WiFi is touch and go, so these posts will come erratically. We're both under the weather today... Well, Robin has a cold, for sure.
We've eaten dinner at one of our favorite places, and even managed to approximate Spaniard norms... We didn't go out to eat until 8:30 or so. And we made the first of many trips for ice cream cones. We've also hit the mini-mart across the street two times in less than 24 hours.
Meanwhile, here is the view from where I am typing this:
I have written a lot more during previous trips to Spain. There are two basic reasons why I'm writing less this time. The main reason is that I didn't bring a laptop on this trip, so any writing I do is done on my phone, which is not the easiest way to compose. For certain, I would write something about Grant Hart but that will have to wait. The other reason is that, having read through posts from earlier vacations, I realize I've told these stories before. That's what I get for always returning to the same places every holiday.
But there are a couple of variants so far in Ronda. I've written in the past about the Andalusian tendency to slur their way past the last syllables of words. We may have a new record in this regard, from a man who pronounced "de nada" as "naaa" (closest I can get).
Our host in Ronda, José María, has actually let slip one or two entire sentences in English. One interesting note is that he says when Robin speaks English, he can't understand a word she says... too American. We don't know why this doesn't apply to me, although I try to stick to Spanish in our conversations.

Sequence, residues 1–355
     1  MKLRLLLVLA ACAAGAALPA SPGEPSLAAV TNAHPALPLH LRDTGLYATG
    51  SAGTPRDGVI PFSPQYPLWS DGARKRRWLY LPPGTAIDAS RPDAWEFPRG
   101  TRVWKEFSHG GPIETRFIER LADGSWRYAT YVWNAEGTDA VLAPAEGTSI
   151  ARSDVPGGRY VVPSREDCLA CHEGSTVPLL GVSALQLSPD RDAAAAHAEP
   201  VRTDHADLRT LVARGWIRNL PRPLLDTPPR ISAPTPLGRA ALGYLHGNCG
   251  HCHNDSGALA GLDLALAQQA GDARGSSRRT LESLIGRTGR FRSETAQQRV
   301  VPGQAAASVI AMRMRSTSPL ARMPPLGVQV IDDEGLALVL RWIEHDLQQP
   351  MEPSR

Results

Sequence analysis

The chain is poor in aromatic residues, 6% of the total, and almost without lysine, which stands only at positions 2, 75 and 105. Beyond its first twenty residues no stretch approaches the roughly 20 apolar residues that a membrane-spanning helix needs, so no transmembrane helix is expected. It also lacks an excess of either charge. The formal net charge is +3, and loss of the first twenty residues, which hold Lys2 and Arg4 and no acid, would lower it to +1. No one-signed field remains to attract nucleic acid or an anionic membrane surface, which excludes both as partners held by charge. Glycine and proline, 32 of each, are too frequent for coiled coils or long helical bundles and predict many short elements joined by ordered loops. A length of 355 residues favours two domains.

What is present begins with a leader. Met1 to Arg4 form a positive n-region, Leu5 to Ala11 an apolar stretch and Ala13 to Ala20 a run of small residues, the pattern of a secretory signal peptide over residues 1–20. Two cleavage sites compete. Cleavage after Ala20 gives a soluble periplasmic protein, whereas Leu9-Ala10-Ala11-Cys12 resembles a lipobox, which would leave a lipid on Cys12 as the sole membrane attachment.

But mostly it's more of the same, exemplified by today's schedule (I'm writing this on Friday). We got up and stepped into the garden for breakfast around 11:00. We talked for some time with a man from Holland. Eventually Robin decided she was hungry, so we had lunch where we had just eaten breakfast. By the time we finished, it was past 2:00, which means siesta time. So now we're back in our room. We haven't left the Jardin de la Muralla yet today. And since José María has invited us for paella this evening, we may never leave this place until tomorrow when we will go to Nerja.
Considering I arrived on Thursday afternoon and we left on Sunday afternoon, I guess it was really three days spread out over four.